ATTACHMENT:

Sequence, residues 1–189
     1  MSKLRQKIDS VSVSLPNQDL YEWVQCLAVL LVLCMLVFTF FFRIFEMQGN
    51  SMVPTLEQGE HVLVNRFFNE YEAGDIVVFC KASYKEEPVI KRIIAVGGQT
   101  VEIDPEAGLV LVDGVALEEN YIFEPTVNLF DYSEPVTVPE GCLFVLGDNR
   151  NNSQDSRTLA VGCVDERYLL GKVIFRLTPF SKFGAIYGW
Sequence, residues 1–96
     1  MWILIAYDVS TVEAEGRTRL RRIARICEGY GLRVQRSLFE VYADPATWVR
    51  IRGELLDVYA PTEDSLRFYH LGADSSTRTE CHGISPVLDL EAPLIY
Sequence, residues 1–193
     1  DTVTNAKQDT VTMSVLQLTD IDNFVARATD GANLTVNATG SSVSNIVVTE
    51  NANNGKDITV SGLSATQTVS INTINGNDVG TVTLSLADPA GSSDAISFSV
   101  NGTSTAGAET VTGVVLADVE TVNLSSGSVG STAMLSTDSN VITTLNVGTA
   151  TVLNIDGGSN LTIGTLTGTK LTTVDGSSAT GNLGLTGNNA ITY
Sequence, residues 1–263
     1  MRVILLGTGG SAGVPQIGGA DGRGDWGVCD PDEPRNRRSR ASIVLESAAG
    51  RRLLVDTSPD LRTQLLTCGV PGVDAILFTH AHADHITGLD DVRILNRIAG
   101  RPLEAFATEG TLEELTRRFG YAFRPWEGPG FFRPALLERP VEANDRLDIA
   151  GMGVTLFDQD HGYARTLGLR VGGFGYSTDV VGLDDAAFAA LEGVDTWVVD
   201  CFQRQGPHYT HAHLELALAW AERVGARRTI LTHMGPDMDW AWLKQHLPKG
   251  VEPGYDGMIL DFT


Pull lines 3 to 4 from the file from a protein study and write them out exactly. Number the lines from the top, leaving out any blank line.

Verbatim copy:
    51  SMVPTLEQGE HVLVNRFFNE YEAGDIVVFC KASYKEEPVI KRIIAVGGQT
   101  VEIDPEAGLV LVDGVALEEN YIFEPTVNLF DYSEPVTVPE GCLFVLGDNR